Over the holidays, Kelly was faced with another decision as the plants began to appear dry but the next watering was not scheduled for another three days. “You know, I think if we’re going to Mars, and we were growing stuff, we would be responsible for deciding when the stuff needed water,” Kelly made his argument. “Kind of like in my backyard, I look at it and say ‘Oh, maybe I should water the grass today.’ I think this is how this should be handled.”
Kelly’s willingness to take responsibility of the plants was gladly accepted by the ground team in order to learn more about the ‘autonomous gardening’ aspect that would be a part of missions where communication delays limit the ground’s ability of providing real-time support. He was provided with a short-guide to the zinnia to help him understand the plant’s behavior. Though two plants were not able to recover from a combination of high humidity, excess water and mold, Kelly was able to nurse two plants back to life and a few buds began to sprout petals in early January.
On Saturday, Kelly tweeted photos of his space-grown flowers. Another photo Tweeted on Sunday shows the zinnia in front of a Cupola window with a beautiful backdrop of Earth.
This also showcases another aspect of the Veggie study as growing plants in the mostly artificial environment of space flight can have a positive effect on crew moral as a recreational activity with the added benefit of producing food for the crew.
Although Kelly praised his zinnias to be the ‘first flower grown in space,’ this milestone has to be credited to the crew of the Salyut-7 space station where, in 1982, Arabidopsis (rockcress) were grown in a 40-day experiment that got the plants to flower and produce seeds. The study performed back then compared plants grown in centrifuges at 0.01, 0.1 and 1g as well as plants grown in the microgravity environment and found that, in the space environment, the stems of the plants (below the leaves) were elongated while the plant root length was reduced. Nevertheless, it was determined that about half the seeds collected from the space-grown plants were biologically valuable.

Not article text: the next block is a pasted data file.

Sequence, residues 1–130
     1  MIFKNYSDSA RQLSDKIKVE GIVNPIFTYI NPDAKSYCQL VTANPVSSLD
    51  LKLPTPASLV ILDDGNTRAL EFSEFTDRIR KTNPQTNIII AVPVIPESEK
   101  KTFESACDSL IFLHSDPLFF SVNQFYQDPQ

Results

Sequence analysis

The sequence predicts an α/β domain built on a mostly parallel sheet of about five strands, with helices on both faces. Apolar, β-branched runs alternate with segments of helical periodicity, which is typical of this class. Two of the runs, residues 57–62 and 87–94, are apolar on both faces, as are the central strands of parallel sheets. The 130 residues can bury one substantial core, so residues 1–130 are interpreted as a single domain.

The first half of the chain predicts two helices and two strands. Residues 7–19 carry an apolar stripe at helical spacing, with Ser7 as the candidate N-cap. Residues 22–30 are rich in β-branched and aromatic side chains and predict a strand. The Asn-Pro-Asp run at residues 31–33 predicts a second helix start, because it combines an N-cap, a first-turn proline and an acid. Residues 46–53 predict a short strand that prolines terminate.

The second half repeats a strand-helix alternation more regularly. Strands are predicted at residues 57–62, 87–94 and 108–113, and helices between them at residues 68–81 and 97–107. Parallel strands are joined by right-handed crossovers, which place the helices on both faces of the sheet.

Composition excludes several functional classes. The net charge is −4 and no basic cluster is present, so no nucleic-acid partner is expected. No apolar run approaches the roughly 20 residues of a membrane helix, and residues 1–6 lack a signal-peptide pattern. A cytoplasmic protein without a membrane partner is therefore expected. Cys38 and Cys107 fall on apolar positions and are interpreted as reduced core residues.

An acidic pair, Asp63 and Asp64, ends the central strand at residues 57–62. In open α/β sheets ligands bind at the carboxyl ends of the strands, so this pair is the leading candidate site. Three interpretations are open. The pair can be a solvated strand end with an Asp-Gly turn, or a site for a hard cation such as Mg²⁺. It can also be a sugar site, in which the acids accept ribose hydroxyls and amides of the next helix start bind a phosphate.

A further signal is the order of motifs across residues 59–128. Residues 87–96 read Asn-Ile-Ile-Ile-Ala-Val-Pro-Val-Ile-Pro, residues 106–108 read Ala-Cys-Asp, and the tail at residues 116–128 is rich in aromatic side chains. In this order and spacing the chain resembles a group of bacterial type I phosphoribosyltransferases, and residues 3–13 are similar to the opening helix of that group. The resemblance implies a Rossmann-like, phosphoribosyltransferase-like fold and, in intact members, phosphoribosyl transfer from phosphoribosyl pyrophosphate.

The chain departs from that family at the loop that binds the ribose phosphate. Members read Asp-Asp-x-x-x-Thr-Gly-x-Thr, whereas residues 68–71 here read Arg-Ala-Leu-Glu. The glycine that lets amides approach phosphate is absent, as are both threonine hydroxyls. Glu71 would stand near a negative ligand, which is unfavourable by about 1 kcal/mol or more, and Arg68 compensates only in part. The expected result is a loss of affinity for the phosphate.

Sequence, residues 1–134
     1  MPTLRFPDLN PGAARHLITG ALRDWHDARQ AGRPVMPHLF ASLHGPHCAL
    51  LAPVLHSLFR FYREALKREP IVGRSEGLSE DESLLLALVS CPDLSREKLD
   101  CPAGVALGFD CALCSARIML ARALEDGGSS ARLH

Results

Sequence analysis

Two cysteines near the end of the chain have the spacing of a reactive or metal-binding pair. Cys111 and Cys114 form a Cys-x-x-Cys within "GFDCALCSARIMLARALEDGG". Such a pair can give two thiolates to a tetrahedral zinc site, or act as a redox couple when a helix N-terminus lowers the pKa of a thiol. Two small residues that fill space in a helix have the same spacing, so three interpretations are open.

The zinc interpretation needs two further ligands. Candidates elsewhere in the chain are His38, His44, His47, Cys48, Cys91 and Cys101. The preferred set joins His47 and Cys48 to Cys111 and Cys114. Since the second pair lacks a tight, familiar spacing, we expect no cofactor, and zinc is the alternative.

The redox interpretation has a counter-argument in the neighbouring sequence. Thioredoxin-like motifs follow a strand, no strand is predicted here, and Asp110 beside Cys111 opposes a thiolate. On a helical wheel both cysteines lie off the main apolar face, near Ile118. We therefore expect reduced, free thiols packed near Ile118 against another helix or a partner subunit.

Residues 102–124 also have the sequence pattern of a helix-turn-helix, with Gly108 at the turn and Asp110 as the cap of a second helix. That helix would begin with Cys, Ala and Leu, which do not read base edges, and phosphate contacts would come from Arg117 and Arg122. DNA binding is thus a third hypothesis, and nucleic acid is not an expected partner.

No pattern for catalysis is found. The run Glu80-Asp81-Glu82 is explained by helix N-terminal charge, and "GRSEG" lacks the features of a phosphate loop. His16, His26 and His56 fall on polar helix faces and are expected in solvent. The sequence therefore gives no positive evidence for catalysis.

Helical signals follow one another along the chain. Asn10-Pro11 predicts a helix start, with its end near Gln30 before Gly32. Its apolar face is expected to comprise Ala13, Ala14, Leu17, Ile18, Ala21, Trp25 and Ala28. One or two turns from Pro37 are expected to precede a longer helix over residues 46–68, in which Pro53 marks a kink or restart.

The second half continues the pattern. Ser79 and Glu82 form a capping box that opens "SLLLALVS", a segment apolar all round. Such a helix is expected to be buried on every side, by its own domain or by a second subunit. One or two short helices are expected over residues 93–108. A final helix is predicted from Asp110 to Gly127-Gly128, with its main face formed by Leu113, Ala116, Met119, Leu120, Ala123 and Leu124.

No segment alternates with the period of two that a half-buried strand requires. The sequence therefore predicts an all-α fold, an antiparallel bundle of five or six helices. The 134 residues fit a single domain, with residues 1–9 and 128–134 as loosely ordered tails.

Despite a number of challenges, the most recent run of plant-growth experiments on ISS had a happy end and brought some joy to the crew onboard and scientists on the ground, plus vast knowledge on how flowering plants behave in the space environment, valuable lessons for future space-gardening activities.
Later in 2016, Veggie will be put to use to grow Chinese cabbage and red romaine lettuce to be delivered on the next Dragon flight to ISS. Further perfecting the growth environment inside the Veggie facility, teams aim to study different lighting conditions, varying the wavelengths and light intensity inside the chamber to optimize the mineral composition of plants.
If everything goes according to plan, the Station crew may be able to grow their first tomatoes in 2018.